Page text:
Post news RSS WPG Catch Up: Concepts, Modelling and Important Meetings

The first part in a series of daily updates catching up with White Paper Games and their development of Ether One over the past 6 months. This post looks at art concepts, asset modelling and some very important meetings that have defined the future of Ether One

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Concepts for new level
After the release of the trailer and a bit of a break from development I was drafted in to create some concept art for a new level. I was working from the levels block map which Pete created in UDK using the BSP brush. Using the block maps as templates I was able to quickly create some concepts that would help us visualize how the level could look. Below are 3 concepts I created along with the block map shots.

This was the first one I made, I wanted to create the illusion of open space and scale. It also provided direction on colour palette and atmosphere.

This concept was very fun to create, I decided to use this one to show how overgrown and derelict the level could look. I decided to add a pale yellow light shaft that breaks through from the left hand side. This makes the place feel a lot warmer and is a nice contrast from the dark corners to the right of the image.

Speed Painting Video
I was in full swing with my concepts at this stage and Ben suggested recording myself creating a one. The images below show the block map and final concept.

Check out the Youtube video of the Speed Painting Below!

Trip to London for Important Interview!
As a team White Paper Games got through to the final interview stages of the Prototype Fun and we were invited to London to attend an interview with Abertay University. This was an important moment for us and we knew how crucial it was to represent ourselves professionally and show that Ether was worth their investment.

The meeting was in a modern building that had exquisite interior design. We were interviewed for about an hour and then went on our way. I personally couldn’t tell how it went, we were drilled with loads of questions and were never given a clear indicator how well we had done. We just had to wait and see…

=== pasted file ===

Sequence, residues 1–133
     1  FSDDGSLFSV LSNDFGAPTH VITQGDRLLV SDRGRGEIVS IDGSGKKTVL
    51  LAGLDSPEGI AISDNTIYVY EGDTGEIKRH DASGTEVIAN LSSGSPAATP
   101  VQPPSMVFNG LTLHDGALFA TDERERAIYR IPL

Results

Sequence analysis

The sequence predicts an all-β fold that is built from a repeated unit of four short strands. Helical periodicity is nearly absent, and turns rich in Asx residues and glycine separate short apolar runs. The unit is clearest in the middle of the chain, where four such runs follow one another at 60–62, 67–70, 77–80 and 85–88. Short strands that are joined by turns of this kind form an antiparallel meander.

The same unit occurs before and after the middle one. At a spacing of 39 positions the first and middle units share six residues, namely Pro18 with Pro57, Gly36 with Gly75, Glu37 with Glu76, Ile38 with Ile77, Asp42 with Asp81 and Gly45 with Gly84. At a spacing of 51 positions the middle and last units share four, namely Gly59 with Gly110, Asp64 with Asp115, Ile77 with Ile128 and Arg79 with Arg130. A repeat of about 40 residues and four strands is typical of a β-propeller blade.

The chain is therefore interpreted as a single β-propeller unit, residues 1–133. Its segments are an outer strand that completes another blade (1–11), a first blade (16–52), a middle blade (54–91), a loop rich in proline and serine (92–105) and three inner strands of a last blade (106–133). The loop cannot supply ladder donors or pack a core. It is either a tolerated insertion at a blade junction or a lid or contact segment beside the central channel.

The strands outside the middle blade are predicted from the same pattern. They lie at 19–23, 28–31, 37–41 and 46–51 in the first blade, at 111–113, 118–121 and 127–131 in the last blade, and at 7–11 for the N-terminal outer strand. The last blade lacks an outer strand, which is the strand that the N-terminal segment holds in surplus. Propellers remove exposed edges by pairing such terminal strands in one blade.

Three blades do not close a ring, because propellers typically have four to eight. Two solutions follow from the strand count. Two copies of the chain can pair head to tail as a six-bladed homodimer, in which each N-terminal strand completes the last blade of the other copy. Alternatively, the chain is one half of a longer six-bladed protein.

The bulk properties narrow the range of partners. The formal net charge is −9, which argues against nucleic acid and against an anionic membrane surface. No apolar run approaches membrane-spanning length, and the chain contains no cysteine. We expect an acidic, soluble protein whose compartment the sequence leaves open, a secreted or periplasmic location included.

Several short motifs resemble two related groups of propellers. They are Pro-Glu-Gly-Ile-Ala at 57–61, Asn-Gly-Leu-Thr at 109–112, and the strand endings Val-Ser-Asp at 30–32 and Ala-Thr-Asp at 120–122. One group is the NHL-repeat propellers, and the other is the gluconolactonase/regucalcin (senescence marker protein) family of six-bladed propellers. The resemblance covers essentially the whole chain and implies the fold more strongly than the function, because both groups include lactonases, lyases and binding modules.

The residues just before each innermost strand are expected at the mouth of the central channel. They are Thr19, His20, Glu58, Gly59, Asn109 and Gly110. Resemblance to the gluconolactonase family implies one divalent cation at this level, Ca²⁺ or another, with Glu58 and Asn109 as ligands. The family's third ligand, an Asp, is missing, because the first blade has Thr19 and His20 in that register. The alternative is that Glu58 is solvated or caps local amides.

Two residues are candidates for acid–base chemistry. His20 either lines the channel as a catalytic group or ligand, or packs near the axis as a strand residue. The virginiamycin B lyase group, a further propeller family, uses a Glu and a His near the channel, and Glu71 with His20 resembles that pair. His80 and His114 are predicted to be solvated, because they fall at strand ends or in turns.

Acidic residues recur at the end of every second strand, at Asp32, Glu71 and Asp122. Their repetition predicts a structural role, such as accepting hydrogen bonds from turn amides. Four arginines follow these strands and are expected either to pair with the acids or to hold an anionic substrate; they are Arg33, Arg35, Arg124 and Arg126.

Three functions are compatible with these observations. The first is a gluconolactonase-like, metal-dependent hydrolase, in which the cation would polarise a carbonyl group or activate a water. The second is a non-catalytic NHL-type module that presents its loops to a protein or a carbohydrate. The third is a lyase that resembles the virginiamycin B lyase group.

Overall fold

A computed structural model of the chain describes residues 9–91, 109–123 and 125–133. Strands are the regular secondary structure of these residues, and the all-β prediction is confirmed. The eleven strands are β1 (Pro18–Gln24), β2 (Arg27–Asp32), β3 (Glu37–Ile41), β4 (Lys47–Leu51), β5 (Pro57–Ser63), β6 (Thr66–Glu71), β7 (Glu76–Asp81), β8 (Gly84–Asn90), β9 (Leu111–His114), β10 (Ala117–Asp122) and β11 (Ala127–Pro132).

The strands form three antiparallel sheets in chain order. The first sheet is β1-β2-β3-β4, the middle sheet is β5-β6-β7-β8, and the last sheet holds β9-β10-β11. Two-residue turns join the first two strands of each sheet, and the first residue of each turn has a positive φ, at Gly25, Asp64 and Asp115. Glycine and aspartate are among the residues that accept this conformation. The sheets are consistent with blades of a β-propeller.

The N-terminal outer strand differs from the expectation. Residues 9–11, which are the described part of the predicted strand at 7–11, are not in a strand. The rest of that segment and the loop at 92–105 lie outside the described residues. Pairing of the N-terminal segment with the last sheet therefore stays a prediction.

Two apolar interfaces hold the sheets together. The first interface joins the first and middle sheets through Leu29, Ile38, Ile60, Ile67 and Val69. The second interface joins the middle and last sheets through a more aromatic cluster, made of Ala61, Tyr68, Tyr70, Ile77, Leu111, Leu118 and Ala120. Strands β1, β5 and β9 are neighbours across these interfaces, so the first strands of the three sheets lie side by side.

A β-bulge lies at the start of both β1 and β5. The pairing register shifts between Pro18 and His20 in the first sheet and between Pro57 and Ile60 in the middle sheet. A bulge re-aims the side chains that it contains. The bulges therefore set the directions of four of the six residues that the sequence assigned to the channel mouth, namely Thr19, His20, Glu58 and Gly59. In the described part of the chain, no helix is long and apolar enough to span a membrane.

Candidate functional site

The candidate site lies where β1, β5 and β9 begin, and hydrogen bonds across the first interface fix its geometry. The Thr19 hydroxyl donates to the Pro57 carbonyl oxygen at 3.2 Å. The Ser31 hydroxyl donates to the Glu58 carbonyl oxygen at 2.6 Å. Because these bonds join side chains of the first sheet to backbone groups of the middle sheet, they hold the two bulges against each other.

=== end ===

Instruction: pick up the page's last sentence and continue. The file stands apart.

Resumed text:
Back to Development
I was tasked with creating a unique building for the level, it was a large industrial structure that Pete designed. It required metal shutters railings and was the most complex building I had created to date.

Above are some work in progress shots and below is the texture sheet for the metal shutters and railings. I created this texture with the idea of using it again on other assets, this saves on game memory and is an approach that i plan to use a lot more.

Some shots of a final render and block map to finished environment comparison.

Mine Modular
Our level is based on the Cornish coastline where mines where present, it was a very popular sauce of industry in 1950. It also provides us with cool game play opportunities. I had to create some modular wall pieces to be used to assemble the mining areas. It was my third attempt at creating modular assets so I was quite confident with my work flow.

The images above show some work in progress shots of creating the modular mine pieces. Bellow are the textures for the mine wall, floor and ceiling.




I also had to create some Support structures for the mining passages as shown below.

Creating the VillageThe shots below show some work in progress images I took when I was creating the Village.

Next up: Making stuff and new textures!!!Thanks for checking our development out and if you have any questions, fire away :D


If you do your concept after the block-in in UDK, it fails its purpose actually :P
Then you dont need to put the effort, unless you want it for promotional purposes

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Not entirely true many concept arts are done after block in order to visualize what the environment will look like

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Benni_Hill Author

Thanks for the comment ShrikeGFX and I totally get your point.

However we do work on both sides of the fence. We have two separate conception phases here at White Paper Games. We have initial concepts based upon reference material that are worked on by both our artists and level/gameplay designers before a block map is created. Once the block map is created it allows our artists to be more direct with the concept approach allowing them to plan assets and textures as well as general composition of the scene.

This way we work loosely as levels are being designed allowing us to iterate effectively before more refined concepts based upon structure take place. After all its the level designers job to design the structure of the environment and game play area based off reference whilst bouncing off artists for visual support. :D

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